By Hilda Hutcherson, M.D., REDBOOK
Q. I think of IUDs as scary contraception from the '70s, but my pals rave about theirs. Are they safe birth control?
A. I understand your worry. Decades ago, one intrauterine device (IUD) called the Dalkon Shield was suspected of causing sepsis, pelvic inflammatory disease, and infertility; it went off the market in 1974. But the ones available today, Mirena and ParaGard, are not only safe, they're the most effective reversible contraceptive, with a success rate of nearly 100 percent.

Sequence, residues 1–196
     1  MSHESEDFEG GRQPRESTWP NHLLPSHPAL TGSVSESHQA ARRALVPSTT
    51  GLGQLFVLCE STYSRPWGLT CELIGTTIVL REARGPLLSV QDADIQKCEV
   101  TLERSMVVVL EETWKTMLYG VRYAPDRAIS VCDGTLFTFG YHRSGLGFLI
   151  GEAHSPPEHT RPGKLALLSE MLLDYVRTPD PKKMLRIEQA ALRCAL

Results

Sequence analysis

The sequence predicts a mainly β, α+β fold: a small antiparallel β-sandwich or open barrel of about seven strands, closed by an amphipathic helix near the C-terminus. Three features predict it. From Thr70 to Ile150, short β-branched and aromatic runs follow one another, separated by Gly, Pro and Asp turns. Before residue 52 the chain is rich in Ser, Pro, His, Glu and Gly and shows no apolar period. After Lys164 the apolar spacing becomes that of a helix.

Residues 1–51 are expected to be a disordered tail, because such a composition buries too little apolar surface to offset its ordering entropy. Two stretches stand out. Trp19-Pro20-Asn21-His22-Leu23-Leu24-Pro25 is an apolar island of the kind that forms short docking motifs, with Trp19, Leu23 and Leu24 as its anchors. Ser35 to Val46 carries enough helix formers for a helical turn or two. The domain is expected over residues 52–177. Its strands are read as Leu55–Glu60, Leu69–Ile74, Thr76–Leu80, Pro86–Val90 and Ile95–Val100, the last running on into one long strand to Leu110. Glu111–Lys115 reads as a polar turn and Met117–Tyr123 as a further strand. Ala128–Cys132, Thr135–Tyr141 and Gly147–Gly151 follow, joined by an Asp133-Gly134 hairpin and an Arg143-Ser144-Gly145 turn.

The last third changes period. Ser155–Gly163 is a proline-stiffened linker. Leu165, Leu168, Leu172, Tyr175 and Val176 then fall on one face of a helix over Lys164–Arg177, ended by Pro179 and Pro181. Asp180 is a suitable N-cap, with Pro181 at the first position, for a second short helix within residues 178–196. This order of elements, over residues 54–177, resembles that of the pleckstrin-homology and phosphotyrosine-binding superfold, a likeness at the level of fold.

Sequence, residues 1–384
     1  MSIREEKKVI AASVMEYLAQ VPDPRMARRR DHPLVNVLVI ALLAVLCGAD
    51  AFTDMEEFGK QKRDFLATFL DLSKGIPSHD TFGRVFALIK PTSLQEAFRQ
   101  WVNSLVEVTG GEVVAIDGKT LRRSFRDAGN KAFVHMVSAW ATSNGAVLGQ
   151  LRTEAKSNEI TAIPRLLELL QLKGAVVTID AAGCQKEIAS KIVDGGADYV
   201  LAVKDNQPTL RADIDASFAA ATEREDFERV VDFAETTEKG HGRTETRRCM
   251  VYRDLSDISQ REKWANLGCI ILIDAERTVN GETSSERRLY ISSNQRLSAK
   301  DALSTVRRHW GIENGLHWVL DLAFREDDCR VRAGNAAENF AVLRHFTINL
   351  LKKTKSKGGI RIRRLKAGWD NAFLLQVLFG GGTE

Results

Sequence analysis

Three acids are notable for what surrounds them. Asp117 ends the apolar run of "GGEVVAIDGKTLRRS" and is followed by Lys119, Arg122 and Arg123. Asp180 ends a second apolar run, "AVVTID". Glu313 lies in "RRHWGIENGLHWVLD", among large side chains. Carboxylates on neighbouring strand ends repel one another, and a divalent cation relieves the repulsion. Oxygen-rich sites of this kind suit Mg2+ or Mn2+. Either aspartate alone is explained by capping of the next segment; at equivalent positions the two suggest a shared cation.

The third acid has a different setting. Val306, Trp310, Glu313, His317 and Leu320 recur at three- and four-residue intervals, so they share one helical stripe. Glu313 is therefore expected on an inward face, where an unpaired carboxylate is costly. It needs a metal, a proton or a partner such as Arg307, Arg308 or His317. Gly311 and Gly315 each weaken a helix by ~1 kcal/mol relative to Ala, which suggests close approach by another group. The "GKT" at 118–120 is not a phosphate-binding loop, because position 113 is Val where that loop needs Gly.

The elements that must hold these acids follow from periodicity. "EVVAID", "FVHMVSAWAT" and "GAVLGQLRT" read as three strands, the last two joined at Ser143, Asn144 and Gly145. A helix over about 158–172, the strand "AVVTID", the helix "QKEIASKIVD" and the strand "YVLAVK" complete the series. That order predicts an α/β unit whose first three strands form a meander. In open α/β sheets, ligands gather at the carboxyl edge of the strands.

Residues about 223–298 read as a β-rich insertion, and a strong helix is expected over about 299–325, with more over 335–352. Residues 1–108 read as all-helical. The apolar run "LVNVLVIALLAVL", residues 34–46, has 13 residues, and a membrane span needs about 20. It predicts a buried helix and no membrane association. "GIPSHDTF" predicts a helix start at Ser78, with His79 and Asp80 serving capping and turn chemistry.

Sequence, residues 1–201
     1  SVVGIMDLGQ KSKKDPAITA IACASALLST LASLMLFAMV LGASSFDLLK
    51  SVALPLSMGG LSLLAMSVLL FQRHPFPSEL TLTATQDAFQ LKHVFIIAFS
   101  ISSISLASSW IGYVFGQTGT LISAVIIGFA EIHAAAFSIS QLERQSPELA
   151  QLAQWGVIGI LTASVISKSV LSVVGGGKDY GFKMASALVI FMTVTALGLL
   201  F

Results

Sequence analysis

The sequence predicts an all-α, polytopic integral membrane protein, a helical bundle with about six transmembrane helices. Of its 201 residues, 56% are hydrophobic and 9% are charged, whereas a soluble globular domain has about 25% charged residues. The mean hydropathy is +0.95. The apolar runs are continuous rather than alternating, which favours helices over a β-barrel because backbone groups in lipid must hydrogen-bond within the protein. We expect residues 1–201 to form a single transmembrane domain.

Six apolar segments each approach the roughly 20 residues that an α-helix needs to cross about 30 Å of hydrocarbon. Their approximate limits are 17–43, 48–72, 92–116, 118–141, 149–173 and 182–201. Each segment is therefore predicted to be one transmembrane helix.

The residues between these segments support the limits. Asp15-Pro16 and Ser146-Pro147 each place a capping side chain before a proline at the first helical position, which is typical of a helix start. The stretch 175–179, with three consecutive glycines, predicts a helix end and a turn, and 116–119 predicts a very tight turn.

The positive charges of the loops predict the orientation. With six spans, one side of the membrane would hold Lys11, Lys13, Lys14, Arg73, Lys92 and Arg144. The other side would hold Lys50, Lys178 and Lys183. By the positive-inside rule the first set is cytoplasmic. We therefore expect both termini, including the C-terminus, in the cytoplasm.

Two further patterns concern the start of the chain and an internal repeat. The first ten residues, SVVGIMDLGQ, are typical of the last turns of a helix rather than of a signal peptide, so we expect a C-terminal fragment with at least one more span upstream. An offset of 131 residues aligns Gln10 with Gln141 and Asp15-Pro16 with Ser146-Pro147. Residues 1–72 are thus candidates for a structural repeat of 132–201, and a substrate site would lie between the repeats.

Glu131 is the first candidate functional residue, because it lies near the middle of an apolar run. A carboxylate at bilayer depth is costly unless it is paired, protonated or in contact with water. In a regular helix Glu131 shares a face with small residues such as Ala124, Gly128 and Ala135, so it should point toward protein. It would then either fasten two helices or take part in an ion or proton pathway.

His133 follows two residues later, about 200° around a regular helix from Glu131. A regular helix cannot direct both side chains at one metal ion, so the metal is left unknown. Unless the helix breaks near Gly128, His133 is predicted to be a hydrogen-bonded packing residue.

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Here's how they work: Your doctor slides the IUD into your uterus through the cervix; once it's in place, it inhibits sperm and eggs' ability to fertilize or implant. You can leave an IUD in for five to 10 years, so if you've got a bad habit of missing the Pill, talk to your ob/gyn about making the switch.
Hilda Hutcherson, M.D., is an ob/gyn and a professor at Columbia University in New York City. Email her at firstname.lastname@example.org.
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